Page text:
Any way, the VATSIM (https://www.vatsim.net/) and IVAO (https://www.ivao.aero/) network are compatible with XP11, FSX ands P3D so I think you can go for any with the same results.

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Wow Trev, that is incredible advice. I definitely feel so much more comfortable to have you gents to guide me a bit as I get into this. I am really excited for it, and very anxious to get stuck right in. I think this will be a positive outlet for my excitement.

 

It would also be beneficial to get a jump on the academic side of things as well, but I'm really not sure what all that entails.

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Wow Trev, that is incredible advice. I definitely feel so much more comfortable to have you gents to guide me a bit as I get into this. I am really excited for it, and very anxious to get stuck right in. I think this will be a positive outlet for my excitement.

 

It would also be beneficial to get a jump on the academic side of things as well, but I'm really not sure what all that entails.

1 - Take the math assessment test. If you're weak, you want to know that right away and fix that quick. If you have to take 000 level math to get in the groove, do it, no matter how stupid you feel. Trust me on this one. 

2 - Go on their website and see what the required coursework is for each track you may consider. For instance:

http://www.ccbc.edu/professionalpilot

3 - Apply and get accepted.

4- Get an advising appointment with a faculty adviser in your field of study. IF they assign you an advisor from anthropology or whatever, they're just going to give you the cookbook version. Find someone you can sit down and talk with about what exactly you want to do. 

4- Register for classes. 

5 - Get with the school's filing official (usually someone in admissions/registrar or veteran student affairs or something with a similar name. Usually this is done before the previous semester is over. Not to worry though, you'll just do it when you register for classes. Even if it's a week late the VA will give you the back pay on the BAH. 

6 - get with the others that are ahead of you in the program and get as much inside gouge as you can. You've been out of the world a while, so you know what to do: develop a network of people to study with. 

7 - Health insurance. Don't get the student health insurance through the school it doesn't cover shit. Another 'trust me on this one' type situations. Get over to the local VA CBOC and sign up ASAP. 

 

Question: Are you ready to start in the fall?

 

The academic plan they have has you taking physics 1 in the third semester. I'm assuming it's algebra based and not calculus based so you should be OK if you did well on the college algebra (or higher).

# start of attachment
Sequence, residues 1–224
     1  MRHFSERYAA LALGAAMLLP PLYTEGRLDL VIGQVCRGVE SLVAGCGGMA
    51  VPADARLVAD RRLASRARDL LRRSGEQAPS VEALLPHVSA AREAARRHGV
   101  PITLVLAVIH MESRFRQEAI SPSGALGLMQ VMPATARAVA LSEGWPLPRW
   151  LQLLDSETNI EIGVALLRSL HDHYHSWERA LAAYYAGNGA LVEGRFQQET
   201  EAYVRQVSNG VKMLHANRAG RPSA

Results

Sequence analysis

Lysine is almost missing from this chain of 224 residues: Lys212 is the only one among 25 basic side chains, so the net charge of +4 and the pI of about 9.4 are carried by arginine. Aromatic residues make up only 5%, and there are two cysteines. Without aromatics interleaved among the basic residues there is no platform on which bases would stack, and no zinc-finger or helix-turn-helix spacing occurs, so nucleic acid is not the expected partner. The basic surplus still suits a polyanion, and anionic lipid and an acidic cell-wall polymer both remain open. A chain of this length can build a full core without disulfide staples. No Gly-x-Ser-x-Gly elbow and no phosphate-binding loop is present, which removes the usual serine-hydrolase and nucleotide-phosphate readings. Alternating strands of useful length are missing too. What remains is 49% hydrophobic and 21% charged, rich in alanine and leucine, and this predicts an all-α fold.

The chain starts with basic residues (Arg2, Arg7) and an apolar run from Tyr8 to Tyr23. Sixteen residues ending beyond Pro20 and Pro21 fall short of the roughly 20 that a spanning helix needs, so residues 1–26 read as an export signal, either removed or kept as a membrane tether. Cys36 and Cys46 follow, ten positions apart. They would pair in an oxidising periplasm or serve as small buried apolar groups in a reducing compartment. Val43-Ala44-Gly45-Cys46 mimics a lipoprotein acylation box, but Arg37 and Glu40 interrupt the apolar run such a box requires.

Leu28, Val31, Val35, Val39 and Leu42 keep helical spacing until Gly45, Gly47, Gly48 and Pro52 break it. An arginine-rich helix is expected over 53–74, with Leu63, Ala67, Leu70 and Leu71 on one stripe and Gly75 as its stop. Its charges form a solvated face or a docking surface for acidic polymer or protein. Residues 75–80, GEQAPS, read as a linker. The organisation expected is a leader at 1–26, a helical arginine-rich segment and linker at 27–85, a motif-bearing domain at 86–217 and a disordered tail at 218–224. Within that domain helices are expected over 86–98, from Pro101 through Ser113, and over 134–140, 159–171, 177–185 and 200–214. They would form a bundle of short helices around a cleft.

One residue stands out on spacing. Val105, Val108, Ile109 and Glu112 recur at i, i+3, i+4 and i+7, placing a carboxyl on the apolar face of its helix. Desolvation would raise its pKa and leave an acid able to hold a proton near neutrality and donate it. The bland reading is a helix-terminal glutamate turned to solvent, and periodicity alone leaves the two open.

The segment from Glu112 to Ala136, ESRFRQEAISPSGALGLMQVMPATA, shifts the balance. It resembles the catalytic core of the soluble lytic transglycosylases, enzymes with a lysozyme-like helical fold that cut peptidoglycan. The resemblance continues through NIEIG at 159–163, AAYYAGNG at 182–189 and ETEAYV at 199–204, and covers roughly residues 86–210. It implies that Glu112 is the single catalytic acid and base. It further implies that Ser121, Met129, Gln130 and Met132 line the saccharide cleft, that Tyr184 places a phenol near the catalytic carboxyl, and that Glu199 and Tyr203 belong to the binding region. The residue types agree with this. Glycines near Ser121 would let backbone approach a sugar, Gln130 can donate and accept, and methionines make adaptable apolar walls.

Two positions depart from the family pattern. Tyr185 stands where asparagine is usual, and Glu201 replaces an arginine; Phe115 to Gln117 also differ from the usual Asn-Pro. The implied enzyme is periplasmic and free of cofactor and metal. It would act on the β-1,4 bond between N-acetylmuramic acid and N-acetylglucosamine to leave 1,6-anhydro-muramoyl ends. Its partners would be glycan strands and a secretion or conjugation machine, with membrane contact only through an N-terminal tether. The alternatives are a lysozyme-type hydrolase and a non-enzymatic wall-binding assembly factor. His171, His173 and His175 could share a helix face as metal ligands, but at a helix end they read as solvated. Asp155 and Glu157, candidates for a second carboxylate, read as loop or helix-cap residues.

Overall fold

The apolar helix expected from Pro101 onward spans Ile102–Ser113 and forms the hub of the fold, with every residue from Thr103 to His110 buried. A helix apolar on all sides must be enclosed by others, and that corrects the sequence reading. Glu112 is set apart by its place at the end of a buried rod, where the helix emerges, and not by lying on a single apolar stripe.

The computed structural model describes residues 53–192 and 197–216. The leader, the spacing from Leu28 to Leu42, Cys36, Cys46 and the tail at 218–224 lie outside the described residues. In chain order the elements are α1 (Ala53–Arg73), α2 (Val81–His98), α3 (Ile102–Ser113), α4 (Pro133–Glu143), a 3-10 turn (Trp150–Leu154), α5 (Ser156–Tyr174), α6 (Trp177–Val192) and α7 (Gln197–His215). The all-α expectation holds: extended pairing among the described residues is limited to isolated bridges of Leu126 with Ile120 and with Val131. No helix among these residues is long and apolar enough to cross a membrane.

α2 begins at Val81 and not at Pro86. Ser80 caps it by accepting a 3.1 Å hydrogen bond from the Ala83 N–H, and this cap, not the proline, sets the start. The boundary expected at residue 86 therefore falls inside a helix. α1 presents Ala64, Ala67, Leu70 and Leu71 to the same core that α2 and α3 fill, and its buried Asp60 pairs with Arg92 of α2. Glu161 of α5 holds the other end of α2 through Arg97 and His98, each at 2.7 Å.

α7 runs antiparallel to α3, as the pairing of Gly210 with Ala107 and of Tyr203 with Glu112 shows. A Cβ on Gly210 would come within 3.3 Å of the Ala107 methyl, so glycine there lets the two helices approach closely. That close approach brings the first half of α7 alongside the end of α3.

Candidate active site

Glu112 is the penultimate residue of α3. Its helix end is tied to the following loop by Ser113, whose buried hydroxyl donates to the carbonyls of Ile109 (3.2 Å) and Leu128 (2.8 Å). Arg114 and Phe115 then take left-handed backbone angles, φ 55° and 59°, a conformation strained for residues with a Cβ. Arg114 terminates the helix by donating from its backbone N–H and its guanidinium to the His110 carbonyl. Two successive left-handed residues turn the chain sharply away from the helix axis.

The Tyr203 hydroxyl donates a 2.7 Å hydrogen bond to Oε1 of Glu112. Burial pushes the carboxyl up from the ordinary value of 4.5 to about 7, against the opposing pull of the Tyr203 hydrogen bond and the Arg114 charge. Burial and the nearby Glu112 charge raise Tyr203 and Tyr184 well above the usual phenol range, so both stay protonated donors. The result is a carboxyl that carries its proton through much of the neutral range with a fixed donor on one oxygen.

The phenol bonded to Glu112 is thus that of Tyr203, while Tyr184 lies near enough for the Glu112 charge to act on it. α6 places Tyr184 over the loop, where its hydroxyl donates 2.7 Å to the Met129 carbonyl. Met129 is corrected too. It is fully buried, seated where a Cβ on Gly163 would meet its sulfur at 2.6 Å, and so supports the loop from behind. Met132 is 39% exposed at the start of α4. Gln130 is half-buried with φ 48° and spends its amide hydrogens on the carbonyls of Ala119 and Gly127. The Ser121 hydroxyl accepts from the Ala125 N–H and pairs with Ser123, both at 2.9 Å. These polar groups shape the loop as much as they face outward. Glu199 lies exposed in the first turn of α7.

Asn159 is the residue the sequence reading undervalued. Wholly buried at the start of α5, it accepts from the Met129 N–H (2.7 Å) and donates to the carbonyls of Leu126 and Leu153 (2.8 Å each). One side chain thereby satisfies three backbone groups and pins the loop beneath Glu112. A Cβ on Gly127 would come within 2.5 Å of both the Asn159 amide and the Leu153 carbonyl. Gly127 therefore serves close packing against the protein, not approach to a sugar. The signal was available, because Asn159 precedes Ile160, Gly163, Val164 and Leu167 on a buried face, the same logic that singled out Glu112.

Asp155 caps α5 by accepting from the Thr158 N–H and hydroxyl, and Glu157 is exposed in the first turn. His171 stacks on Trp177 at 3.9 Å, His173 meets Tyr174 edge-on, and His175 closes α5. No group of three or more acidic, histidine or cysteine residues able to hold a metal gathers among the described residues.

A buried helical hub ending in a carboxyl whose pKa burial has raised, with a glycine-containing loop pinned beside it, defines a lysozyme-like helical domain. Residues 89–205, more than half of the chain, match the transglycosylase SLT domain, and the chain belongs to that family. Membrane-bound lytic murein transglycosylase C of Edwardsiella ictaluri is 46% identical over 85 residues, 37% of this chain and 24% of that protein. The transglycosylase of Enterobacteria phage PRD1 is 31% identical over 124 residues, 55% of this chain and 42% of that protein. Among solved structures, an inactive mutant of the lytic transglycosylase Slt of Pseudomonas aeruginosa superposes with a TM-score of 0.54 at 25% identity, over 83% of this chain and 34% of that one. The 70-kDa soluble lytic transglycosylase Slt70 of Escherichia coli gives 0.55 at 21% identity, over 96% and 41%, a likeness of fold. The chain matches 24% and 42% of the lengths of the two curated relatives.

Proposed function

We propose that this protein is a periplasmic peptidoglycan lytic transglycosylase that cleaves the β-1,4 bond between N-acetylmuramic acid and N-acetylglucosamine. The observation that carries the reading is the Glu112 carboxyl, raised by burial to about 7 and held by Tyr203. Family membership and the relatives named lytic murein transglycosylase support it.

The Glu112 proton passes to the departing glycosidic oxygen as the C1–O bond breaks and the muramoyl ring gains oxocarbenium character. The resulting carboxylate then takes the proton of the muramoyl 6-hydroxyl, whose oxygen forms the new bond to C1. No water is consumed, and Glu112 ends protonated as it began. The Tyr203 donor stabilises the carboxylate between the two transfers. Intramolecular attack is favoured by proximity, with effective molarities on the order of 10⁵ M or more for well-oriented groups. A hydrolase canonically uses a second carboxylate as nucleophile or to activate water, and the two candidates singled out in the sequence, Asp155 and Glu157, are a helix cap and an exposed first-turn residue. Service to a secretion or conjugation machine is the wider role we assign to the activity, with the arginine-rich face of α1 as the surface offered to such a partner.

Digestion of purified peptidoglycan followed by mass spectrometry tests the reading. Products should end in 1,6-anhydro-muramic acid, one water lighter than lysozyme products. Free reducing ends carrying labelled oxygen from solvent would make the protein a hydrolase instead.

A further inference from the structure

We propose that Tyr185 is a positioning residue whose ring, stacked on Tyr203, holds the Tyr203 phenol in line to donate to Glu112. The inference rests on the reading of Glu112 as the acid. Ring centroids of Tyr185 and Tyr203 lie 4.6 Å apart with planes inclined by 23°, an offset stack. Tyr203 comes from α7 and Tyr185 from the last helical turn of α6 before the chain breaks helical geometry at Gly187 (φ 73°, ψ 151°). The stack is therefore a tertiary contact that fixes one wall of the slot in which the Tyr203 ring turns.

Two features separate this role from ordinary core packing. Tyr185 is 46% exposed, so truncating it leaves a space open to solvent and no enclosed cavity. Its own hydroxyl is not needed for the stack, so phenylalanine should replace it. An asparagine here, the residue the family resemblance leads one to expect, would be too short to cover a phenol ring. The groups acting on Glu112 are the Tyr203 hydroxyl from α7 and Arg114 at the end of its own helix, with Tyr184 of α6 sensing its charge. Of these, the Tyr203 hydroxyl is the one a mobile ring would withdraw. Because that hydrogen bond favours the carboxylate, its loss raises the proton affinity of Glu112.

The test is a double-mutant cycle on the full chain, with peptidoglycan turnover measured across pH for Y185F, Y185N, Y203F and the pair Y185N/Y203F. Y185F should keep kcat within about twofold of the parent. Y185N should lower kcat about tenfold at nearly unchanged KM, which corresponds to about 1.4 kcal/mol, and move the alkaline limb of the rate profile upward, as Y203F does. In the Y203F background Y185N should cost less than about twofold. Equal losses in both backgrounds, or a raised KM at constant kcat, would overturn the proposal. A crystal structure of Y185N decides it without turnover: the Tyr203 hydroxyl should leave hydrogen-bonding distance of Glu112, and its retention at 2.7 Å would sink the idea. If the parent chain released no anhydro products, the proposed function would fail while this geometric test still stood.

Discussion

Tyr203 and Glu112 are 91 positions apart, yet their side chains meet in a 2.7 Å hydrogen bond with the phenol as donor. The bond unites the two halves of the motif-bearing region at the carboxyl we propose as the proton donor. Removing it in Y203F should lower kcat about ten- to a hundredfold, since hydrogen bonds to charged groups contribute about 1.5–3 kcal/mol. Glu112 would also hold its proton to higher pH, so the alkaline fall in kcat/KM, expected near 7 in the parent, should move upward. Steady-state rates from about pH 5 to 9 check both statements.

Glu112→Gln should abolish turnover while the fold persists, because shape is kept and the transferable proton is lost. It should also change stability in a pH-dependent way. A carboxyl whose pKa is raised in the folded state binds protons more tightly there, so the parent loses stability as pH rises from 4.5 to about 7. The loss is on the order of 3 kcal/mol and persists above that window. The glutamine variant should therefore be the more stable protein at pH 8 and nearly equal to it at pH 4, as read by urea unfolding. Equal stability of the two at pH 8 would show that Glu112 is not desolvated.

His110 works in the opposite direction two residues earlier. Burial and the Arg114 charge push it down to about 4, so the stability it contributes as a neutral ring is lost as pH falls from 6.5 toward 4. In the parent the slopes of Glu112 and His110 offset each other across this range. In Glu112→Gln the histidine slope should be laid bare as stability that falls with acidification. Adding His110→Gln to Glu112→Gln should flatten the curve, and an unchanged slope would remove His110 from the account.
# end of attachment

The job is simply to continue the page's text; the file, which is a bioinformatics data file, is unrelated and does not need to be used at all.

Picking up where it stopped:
At this point I'd just start rambling so any questions you may have, fire away either on here or via PM. 

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Trev is giving excellent advise. Especially the part about the actual flying part being the easiest (though, you will question that as you try to master crosswind landings... among other things )

 

My 2 centavos is to look at their maintenance facility (no surprise from me... eh?). I've worked on and have seen many flight school planes. Due to the rigorous schedule and low profit margins things get... let's just say "deferred", sometimes to the point of affecting airworthiness. Though even if the place looks a bit messy, it doesn't mean that it's a bad facility... maintenance is not always pretty. Talk to the mechanics, ask them questions, play dumb. Most good mechanics are happy to enlighten fledgling pilots (and love to flaunt their expertise). We are normally ignored and anyone showing an interest in what we do is generally refreshing, though if they're busy... best to step away. Early morning at the start of the shift is the best time to approach.

 

Talk to the students... especially those close to finishing, ask them if they're satisfied with their CFIs, their aircraft, and their general experience.

 

If you're thinking of aviation as a career, don't think Piloting is the only way. (Trying to build hours you will probably be making less than minimum wage at first and scrambling to find a seat). There are options in Maintenance, Dispatch and Administration. Also, the FAA is bleeding due to the old school retiring. Lots of opportunities and right now is a boom time (not like when I started... I had to take what I could get... slapping Airphones into the backs of the seats in 737s, in the middle of the night... over and over for minimum wage).

 

Still... I often wish I'd continued on with commercial piloting instead of going into maintenance, but I do enjoy what I do. 

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 ....Also, the FAA is bleeding due to the old school retiring. Lots of opportunities and right now is a boom time (not like when I started....

 

Guilty, as charged   :P

 

Hard to beat the money in the FAA, you should have veteran's preference, benefits (health, retirement, etc), they send you to their own schools, even pay the lodging and travel, and the job security is second to none.  The thing is they want experience, so if you have some from the military, talk yourself up and get your foot in the door.